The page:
Doctor: Harvey Hall did not have mad cow disease

Late mayor died of Creutzfeldt-Jakob disease

BAKERSFIELD, Calif. - New details have been released in the death of former Bakersfield mayor Harvey Hall. 

A press conference was held at Hall Ambulance Tuesday morning by Dr. Ron Ostrom, Hall Ambulance medical director and Harvey Hall's personal physician.  

Dr. Ostrom opened and closed the press conference confirming that Hall, who died on May 19, did not contract mad cow disease.  

Hall had Creutzfeldt-Jakob disease, or Prion Disease Spongiform Encephalopathy. CJD is an incredibly rare disease, with only about 300 cases nationwide per year, according to Dr. Ostrom. 

Hall had a sporadic form of the disease and was doing well until April 24 when he had an episode of confusion, Dr. Ostrom said. 

According to the National Institute of Neurological Disorders and Stroke, there are three major categories of CJD. Hall's sporadic CJD classifies as the most common type of the disease.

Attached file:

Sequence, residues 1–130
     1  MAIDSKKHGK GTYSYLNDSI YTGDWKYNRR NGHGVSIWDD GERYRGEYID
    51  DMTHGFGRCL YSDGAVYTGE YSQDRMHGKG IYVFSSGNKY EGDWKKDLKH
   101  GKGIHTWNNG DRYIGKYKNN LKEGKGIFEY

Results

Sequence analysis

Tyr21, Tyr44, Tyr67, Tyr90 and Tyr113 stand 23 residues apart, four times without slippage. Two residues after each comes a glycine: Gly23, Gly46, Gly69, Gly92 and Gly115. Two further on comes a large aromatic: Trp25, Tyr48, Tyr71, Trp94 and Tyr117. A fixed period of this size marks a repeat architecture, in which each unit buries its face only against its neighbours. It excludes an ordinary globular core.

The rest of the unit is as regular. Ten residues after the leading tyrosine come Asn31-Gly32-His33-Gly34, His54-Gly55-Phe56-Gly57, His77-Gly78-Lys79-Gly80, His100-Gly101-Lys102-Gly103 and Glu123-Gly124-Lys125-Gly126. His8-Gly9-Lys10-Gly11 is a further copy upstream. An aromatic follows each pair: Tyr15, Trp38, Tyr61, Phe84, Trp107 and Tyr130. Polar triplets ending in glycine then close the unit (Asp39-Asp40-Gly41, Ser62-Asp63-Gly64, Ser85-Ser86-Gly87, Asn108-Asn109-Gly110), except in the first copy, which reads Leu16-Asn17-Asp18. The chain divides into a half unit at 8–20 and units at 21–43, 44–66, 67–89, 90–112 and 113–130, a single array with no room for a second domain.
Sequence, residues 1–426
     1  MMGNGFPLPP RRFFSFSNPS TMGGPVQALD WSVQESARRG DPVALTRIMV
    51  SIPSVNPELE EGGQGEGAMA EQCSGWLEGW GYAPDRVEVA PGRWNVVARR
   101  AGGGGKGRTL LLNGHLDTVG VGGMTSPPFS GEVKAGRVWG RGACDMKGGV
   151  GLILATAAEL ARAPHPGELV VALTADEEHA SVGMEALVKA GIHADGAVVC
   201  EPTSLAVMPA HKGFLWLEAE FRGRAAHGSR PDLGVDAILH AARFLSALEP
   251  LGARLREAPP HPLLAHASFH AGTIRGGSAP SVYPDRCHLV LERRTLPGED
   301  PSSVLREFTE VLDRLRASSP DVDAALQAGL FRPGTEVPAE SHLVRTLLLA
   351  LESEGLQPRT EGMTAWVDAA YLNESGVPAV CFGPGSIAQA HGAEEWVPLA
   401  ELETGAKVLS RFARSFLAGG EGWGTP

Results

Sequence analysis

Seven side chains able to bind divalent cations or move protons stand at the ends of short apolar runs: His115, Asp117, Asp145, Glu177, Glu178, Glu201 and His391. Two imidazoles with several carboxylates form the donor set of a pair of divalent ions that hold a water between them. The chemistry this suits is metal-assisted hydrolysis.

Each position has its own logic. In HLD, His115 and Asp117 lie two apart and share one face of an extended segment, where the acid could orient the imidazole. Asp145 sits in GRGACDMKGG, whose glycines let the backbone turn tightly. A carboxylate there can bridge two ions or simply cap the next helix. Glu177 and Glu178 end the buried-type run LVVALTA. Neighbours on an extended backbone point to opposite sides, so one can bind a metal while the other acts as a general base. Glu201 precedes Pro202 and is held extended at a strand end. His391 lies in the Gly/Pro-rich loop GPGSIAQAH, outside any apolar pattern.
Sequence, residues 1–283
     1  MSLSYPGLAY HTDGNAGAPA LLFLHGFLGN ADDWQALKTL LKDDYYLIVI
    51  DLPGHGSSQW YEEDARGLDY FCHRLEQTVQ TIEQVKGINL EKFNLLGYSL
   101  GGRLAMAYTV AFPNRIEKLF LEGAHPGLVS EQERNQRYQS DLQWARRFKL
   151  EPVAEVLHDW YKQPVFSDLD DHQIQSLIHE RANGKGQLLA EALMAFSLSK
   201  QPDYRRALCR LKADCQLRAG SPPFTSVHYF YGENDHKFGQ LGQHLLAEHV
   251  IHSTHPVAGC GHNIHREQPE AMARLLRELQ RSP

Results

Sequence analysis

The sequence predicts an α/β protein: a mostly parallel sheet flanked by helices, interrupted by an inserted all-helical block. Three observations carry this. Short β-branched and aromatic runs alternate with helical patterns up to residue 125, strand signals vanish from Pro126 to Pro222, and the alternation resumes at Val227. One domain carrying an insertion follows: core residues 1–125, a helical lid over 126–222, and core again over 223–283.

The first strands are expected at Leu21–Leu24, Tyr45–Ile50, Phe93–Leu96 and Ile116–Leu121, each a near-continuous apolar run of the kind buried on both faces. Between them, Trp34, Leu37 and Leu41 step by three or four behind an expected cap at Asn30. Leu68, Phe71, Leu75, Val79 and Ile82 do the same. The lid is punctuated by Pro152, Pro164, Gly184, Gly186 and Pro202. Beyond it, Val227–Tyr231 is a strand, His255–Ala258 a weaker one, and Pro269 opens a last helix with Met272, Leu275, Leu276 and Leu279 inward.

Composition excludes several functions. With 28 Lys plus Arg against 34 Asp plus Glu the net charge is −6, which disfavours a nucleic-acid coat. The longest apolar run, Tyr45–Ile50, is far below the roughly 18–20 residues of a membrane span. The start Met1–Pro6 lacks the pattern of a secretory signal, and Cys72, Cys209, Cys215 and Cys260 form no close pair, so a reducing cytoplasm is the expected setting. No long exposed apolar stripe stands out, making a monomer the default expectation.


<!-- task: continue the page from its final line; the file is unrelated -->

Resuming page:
According to the NINDS:

Sporadic CJD accounts for at least 85 percent of cases. Hereditary CJD accounts for about 10 to 15 percent followed by acquired CJD, which affects about 1 to 10 percent of cases. Acquired CJD is transmitted by exposure to brain or nervous system tissue, usually through medical procedures. A type of CJD called variant CJD can be acquired by eating meat from cattle affected by a disease similar to CJD, commonly known as "mad cow" disease.

Hall got a second opinion on his condition on May 7, the same day he stepped down as president of Hall Ambulance. Hall previously had hypertension and diabetes, Dr. Ostrom said.

On June 2, thousands remembered Hall at a celebration of life at Rabobank Arena

Hall was laid to rest in Cayucos, according to his death certificate obtained by 23ABC.

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